Educate yourself on the differences between lower, medium and higher quality violins. Learn how a better violin can enable you to develop your sound. Also research makers and sellers/shops (see below). Once you start test driving violins, part of your research will be in seeking the opinions of a variety of people.

3. Finding The Right Seller/Maker/Shop:

A. Reputation: Are they well-known? Respected? Have a reputation for superior craftsmanship and durability? Been in business for a long time? Regarded as honest and fair? Do they have an expert staff fully capable of and willing to patiently answer all of your questions and concerns, and work with you to find the best violin suited to you, and one that makes you happy? Are they known for being honest? Look for a shop that provides information and guidance without pressure, and sales representatives who are willing to listen to your needs and the preferences of your teacher. Do they want your long-term business?

B. Selection: A good dealer will offer a selection of instruments by different makers and understand the national and international markets. Ideally, find a shop that sells both to students and professionals.

C. Trial Policy: Most reputable establishments will let you audition more expensive instrument for 1-2 weeks. This trial time is essential in making the right choice!

D. Stated Trade-in Policy or Warranty: Ask about the trade-in policy (or warranty) of the shop. If in the future your child needs a better quality instrument or a larger size, what value will your present purchase be given in a trade situation? Also try to determine what selection the shop has available in the range or size that might be the next step-up if trading is important to you. if the seller offers 100% trade in value. In that way the seller will have an interest in the upkeep of your instrument and will keep you advised of whatever is necessary to maintain its value.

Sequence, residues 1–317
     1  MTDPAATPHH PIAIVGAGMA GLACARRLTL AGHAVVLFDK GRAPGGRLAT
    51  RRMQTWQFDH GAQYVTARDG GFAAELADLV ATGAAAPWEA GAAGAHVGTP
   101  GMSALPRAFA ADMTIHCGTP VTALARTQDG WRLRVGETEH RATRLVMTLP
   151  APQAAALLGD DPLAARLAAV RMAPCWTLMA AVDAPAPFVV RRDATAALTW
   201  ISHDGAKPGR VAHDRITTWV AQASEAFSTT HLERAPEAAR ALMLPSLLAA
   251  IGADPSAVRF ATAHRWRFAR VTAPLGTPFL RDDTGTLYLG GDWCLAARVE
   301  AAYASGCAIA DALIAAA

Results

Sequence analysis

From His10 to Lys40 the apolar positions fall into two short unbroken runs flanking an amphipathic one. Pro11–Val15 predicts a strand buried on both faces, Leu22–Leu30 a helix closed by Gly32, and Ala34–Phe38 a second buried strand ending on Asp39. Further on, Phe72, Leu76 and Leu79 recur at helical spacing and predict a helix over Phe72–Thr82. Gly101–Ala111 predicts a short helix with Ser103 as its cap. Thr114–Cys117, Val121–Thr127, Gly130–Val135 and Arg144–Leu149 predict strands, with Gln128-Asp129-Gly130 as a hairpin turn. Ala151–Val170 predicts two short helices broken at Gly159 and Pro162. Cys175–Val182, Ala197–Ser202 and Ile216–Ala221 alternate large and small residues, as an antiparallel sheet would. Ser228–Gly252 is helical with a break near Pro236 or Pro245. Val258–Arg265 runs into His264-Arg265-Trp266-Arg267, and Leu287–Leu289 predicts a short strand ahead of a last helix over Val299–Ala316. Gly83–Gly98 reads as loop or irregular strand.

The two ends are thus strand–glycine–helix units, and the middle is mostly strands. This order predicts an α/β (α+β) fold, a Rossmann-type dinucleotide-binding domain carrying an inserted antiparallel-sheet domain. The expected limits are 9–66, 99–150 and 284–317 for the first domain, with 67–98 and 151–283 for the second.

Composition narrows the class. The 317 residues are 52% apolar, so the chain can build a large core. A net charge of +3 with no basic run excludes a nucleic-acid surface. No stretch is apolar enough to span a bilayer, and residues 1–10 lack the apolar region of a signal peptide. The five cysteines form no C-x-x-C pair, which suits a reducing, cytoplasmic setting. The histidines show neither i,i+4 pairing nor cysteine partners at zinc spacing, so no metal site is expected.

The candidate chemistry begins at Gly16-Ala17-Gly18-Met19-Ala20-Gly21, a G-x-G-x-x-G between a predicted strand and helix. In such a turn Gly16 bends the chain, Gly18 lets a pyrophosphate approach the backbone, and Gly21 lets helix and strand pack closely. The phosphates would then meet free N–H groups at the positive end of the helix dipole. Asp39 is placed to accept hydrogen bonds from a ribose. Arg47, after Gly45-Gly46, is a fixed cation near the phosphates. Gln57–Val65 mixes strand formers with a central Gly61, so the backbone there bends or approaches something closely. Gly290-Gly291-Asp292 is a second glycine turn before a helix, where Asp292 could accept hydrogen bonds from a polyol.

E. Build A Long-term Relationship: Try to find someone who is interested in building a long-term relationship with you, someone you can trust and work with throughout the course of the student’s musical education and career.

F. Good Repair Shop: Are they professionally trained and well-known for their skill and workmanship in proper set-up and service of instruments, sound adjustments, and quality maintenance for both your violin and bow? Fine stringed instruments are designed to last for hundreds of years; during that time you will need a repairperson to make certain your instrument is healthy and sounding its best. It is in your best interest if the seller provides this service, especially if they are the ones offering a trade in policy. They also would know the instrument and its history best.

Fixing violins is an art and requires great skill. I can personally recommend a great violin repairperson should you need expert help.

4. Test Drive…Test Drive…Test Drive

Play on a wide variety of violins and bows. This will help you determine what you like and don’t like, and help you to better determine your price range.

Once you find a violin you love, ask if you can have it on trial for a period of time to ensure it’s not an impulse buy, and that it stands up to your standards over a period of time, situations and demands.

Play in a variety of locations (store, home, theatres, concert hall, school) to hear how it projects, play a variety of styles (legato, staccato, chords, pianissimo, fortissimo etc) to hear how it responds, and play for a variety of people (teachers, colleagues, other students or violinists, family) to hear a wide range of reactions. Also allow these same people to eyeball and play it so they can give you first-hand feedback and advice. The more eyes and ears and players and opinions, the better!